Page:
Estimate the extent of the work[edit]

How many man hours will it take to complete the work? Add 50% for contingency

Negotiate and define the deadline[edit]

When is the document needed by? Agree deadlines and procedures to keep the work on time.

What is the Scope of the document?[edit]

Decide what information will be included in the document and what information must be excluded for commercial reasons. Include the software release and any patch or service pack number.

Develop the structure of the document[edit]

Draft a list of chapters or section headings to be included in the document. Make a detailed plan of SMEs that will contribute to the document.

Development[edit]

Once the work has been fully planned we now instigate the following steps:

Planning the tests[edit]

  • Scope of the tests - what is to be tested and how?
  • Test schedule - when are the tests due to take place and how long will they last?
  • Pass/Fail criteria

Test Cases[edit]

When a test documented, this is known as a test case and has three parts.

  • Information This section contains general information about the test, such as:
    • Identifier - each text case has a unique number or code for ease of tracking
    • Tester - the person who created the test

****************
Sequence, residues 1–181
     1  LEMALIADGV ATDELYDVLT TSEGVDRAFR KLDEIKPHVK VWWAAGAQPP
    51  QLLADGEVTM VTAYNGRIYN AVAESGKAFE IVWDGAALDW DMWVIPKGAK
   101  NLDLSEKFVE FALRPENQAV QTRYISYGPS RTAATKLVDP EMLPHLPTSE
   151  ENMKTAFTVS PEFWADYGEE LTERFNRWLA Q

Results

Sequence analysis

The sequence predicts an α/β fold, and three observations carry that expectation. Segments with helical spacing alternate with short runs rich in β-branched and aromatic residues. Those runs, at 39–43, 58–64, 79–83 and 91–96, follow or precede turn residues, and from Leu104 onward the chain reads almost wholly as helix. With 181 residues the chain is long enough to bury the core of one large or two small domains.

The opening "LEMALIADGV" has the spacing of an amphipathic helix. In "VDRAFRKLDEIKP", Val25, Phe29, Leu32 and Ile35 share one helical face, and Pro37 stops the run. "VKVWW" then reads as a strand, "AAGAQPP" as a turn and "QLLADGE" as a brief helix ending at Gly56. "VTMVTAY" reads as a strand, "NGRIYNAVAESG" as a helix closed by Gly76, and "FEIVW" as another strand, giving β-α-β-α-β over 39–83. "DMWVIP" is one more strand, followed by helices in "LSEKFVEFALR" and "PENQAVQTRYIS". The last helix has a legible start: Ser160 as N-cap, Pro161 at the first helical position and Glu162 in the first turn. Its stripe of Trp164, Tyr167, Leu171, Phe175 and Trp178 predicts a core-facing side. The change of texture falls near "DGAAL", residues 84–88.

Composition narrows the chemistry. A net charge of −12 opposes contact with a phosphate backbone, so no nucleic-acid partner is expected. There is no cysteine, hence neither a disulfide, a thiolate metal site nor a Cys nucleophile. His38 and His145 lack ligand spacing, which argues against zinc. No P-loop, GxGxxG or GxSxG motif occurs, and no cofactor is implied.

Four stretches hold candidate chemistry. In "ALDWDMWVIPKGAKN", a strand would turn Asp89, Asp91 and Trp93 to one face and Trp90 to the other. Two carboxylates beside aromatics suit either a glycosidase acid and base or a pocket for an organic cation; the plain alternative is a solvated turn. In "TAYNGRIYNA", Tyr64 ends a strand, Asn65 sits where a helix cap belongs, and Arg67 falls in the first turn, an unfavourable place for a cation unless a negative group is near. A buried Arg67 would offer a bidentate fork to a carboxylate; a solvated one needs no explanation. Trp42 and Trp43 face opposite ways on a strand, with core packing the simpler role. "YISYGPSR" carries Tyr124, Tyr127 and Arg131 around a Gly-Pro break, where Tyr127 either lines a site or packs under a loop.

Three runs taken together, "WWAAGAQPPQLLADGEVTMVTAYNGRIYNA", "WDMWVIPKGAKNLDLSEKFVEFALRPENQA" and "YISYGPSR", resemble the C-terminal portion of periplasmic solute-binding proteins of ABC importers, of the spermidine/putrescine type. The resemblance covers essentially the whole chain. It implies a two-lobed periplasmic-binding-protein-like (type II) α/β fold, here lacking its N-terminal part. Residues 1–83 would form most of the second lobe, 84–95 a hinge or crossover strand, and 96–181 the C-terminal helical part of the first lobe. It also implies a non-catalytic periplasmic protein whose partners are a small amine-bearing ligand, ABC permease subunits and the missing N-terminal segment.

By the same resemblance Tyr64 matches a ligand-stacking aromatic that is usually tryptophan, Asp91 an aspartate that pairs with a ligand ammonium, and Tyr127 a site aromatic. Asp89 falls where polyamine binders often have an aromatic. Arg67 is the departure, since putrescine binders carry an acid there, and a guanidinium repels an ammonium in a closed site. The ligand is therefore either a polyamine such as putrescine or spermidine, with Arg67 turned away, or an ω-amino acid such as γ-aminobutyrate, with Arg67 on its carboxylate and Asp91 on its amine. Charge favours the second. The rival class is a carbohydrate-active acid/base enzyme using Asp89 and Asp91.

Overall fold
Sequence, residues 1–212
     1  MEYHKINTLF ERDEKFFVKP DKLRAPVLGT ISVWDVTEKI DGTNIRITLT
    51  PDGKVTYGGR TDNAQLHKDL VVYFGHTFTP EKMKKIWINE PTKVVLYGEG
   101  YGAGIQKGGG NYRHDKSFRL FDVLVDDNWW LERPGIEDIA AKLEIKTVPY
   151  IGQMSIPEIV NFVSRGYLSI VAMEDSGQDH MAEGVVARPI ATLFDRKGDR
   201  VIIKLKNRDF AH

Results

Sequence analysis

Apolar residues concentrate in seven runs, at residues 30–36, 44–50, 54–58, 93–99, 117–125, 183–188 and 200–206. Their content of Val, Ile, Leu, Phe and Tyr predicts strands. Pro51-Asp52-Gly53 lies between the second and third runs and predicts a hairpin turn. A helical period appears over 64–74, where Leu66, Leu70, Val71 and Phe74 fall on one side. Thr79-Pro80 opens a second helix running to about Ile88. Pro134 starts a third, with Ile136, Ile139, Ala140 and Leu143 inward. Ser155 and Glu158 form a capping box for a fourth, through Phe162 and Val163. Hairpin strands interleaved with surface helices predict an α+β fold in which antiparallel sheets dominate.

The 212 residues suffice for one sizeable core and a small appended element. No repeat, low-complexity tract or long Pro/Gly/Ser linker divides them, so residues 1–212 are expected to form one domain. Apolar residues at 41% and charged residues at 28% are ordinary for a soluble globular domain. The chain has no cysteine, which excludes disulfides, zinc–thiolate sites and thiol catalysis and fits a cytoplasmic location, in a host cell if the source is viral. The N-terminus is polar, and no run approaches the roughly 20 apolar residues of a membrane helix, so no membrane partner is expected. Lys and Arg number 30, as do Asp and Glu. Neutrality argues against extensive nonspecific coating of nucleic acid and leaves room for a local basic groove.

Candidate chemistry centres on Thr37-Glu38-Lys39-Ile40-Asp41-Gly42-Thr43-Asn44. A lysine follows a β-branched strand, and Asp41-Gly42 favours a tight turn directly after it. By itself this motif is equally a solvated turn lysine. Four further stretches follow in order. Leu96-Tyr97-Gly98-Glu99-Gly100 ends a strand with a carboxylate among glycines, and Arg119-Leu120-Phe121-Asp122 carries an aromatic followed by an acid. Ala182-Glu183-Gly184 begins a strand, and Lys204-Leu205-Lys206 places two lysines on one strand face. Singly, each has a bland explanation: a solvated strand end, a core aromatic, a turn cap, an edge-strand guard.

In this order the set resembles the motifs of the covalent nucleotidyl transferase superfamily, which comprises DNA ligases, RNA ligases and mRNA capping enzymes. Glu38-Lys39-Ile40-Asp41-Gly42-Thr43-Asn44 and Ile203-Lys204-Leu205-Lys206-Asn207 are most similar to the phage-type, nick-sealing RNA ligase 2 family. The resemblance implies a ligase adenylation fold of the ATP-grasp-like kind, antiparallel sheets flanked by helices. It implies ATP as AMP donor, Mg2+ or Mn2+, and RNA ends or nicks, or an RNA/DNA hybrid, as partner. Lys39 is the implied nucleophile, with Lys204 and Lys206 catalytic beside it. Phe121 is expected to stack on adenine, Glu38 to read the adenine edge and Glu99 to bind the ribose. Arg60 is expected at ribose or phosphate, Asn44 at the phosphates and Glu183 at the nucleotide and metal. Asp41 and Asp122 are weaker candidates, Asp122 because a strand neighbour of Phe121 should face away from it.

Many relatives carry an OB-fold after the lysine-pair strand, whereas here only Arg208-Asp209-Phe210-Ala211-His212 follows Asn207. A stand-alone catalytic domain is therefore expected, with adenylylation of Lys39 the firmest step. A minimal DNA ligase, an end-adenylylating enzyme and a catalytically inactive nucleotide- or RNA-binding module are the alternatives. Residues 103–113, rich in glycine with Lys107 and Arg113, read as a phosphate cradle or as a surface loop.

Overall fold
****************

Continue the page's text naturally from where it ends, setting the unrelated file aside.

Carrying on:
• Name - a test should have a human-friendly title for easy recollection
    • Purpose - a brief description of what the test expects to do
  • Activity This describes the actual test in the following terms:
    • Environment — the conditions under which the test took place
    • Initialisation — tasks undertaken before the test begins
    • Finalisation — tasks undertaken once the test is completed
    • Actions — a step-by-step guide to the test
  • Results
    • Expected results - what should happen
    • Actual results - what really happened
  • Test Tracking

Testing needs to ensure that the document fulfils the stated requirements of the project. When the requirements are established, each requirement must have a stated test. It is necessary that each requirement be testable, otherwise the requirement is pointless.

Write for your reader.[edit]

  • Use simple language.
  • Use your reader's vocabulary.
  • Use diagrams and pictures
  • Use the Systems Development Life Cycle.
  • Explain things in a way the reader will understand.
  • Provide accurate and precise information to your reader.
  • Correct the Document
  • Get some one else to check and validate the information and formatting
  • Nothing you write belongs to you.
  • If the information is not useful to the reader, delete it.

The famous English actor and scriptwriter Michael Knowles once said, "Leave your ego at the door. Big egos cause big problems. Give me one good, persistent writer with a small ego and the two of us will do the work of ten"

End of lesson Test[edit]

  1. How do we ensure that the Document is the latest version?
  2. Why do we negotiate deadlines?
  3. Why do we estimate man hours?
  4. When do we define the scope of the document?
  5. Why are you on this course?